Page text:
People v Ervin
2014 NY Slip Op 04513 [118 AD3d 910]
June 18, 2014
Appellate Division, Second Department
Published by New York State Law Reporting Bureau pursuant to Judiciary Law § 431.
As corrected through Wednesday, July 30, 2014


[*1]
 The People of the State of New York, Respondent,
v
Weldon J. Ervin, Appellant.

Mark Diamond, New York, N.Y., for appellant.

Kathleen M. Rice, District Attorney, Mineola, N.Y. (Ilisa T. Fleischer and Monica M.C. Leiter of counsel), for respondent.

Appeal by the defendant from a judgment of the Supreme Court, Nassau County (Ayres, J.), rendered April 30, 2012, convicting him of attempted robbery in the second degree, upon a jury verdict, and imposing sentence. The appeal brings up for review the denial, after a hearing pursuant to a stipulation in lieu of motions (Donnino, J.), of the suppression of identification testimony.

Ordered that the judgment is affirmed.

Contrary to the defendant's contention, the hearing court properly denied the suppression of the showup identifications made by two witnesses near the scene of the crime. Showup identifications are permissible, even in the absence of exigent circumstances, where they are conducted in close geographic and temporal proximity to the crime, and the procedure used was not unduly suggestive (see People v Brisco, 99 NY2d 596, 597 [2003]; People v Sain, 111 AD3d 964 [2013]; People v Dunbar, 104 AD3d 198, 217 [2013], lv granted 21 NY3d 942 [2013]; People v Cuesta, 103 AD3d 913, 915 [2013]). Here, the showup identifications took place approximately 25 minutes after the commission of the crime and within blocks of the crime scene (see People v Sain, 111 AD3d 964 [2013]; People v Cuesta, 103 AD3d at 915; People v Gonzalez, 57 AD3d 560, 561 [2008]; People v Berry, 50 AD3d 1047, 1048 [2008]). The People met their initial burden of establishing the reasonableness of the police conduct and the lack of undue suggestiveness in the showup identifications through the testimony of the officer who transported the witnesses to the showup, and provided a detailed account of the physical circumstances of the procedure (see People v Charles, 110 AD3d 1094 [2013]; People v Calero, 105 AD3d 864, 865 [2013]; People v Cuesta, 103 AD3d at 915; People v Gonzalez, 57 AD3d at 561). The burden thus shifted to the defendant to prove that the procedure was unduly suggestive (see People v Ortiz, 90 NY2d 533, 537 [1997]; People v Gonzalez, 57 AD3d at 561), which the defendant failed to establish. The fact that the witnesses were told prior to the showup that two individuals who matched their descriptions of the perpetrators had been detained did not render the procedure unduly suggestive (see People v Morgan, 302 AD2d 983, 984 [2003]).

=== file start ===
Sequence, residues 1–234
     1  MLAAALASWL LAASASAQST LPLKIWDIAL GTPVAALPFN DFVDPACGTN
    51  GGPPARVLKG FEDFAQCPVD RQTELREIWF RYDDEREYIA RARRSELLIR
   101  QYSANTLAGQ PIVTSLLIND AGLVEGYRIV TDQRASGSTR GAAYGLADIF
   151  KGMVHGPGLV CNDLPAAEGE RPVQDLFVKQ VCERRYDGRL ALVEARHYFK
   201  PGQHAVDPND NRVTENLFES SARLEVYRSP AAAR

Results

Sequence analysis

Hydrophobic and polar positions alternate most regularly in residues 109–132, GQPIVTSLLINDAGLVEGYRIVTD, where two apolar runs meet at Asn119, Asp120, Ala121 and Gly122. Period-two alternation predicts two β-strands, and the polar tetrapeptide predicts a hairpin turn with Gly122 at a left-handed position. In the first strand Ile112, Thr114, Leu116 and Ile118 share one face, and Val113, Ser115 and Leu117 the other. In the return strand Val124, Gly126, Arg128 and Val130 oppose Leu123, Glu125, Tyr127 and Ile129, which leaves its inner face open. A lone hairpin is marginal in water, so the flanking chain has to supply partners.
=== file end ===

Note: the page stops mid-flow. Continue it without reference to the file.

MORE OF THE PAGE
[*2] The defendant's contention that the evidence was legally insufficient to support his conviction of attempted robbery in the second degree is unpreserved for appellate review (see CPL 470.05 [2]; People v Hawkins, 11 NY3d 484 [2008]). In any event, viewing the evidence in the light most favorable to the prosecution (see People v Contes, 60 NY2d 620 [1983]), we find that it was legally sufficient to establish the defendant's guilt of attempted robbery in the second degree beyond a reasonable doubt. Moreover, in fulfilling our responsibility to conduct an independent review of the weight of the evidence (see CPL 470.15 [5]; People v Danielson, 9 NY3d 342 [2007]), we nevertheless accord great deference to the jury's opportunity to view the witnesses, hear the testimony, and observe demeanor (see People v Mateo, 2 NY3d 383, 410 [2004]; People v Bleakley, 69 NY2d 490, 495 [1987]). Upon reviewing the record here, we are satisfied that the verdict of guilt of attempted robbery in the second degree was not against the weight of the evidence (see People v Romero, 7 NY3d 633 [2006]).

The defendant's contention that he was deprived of a fair trial by certain comments made by the prosecutor on summation is unpreserved for appellate review since he failed to object to the comments he now challenges (see CPL 470.05 [2]; People v Jorgensen, 113 AD3d 793 [2014]; People v Beverly, 112 AD3d 843 [2013]). In any event, the challenged remarks were proper because they were a fair response to comments made by defense counsel on summation, did not denigrate the defense, and were within the bounds of appropriate argument based on the evidence (see People v Galloway, 54 NY2d 396, 399 [1981]; People v Ashwal, 39 NY2d 105, 109-110 [1976]; People v Izurieta, 116 AD3d 881 [2014]; People v Nelson, 112 AD3d 744 [2013]). Further, defense counsel's failure to object to the subject comments did not constitute ineffective assistance of counsel (see People v Fuhrtz, 115 AD3d 760 [2014]; People v McGowan, 111 AD3d 850 [2013]; People v Brown, 106 AD3d 754 [2013]; People v Friel, 53 AD3d 667, 668 [2008]).

The defendant's contention that the Supreme Court failed to comply with the mandates of CPL 400.21 before sentencing him as a second felony offender is unpreserved for appellate review (see People v Gilbert, 114 AD3d 874 [2014]; People v Sanabria, 110 AD3d 1010 [2013]; People v Winslow, 100 AD3d 1031 [2012]). In any event, the defendant's contention is without merit, as the Supreme Court substantially complied with the requirements of CPL 400.21 (see People v Bouyea, 64 NY2d 1140, 1142 [1985]; People v Gilbert, 114 AD3d 874 [2014]; People v Sanabria, 110 AD3d 1010 [2013]; People v Winslow, 100 AD3d 1031 [2012]). Eng, P.J., Austin, Hinds-Radix and LaSalle, JJ., concur.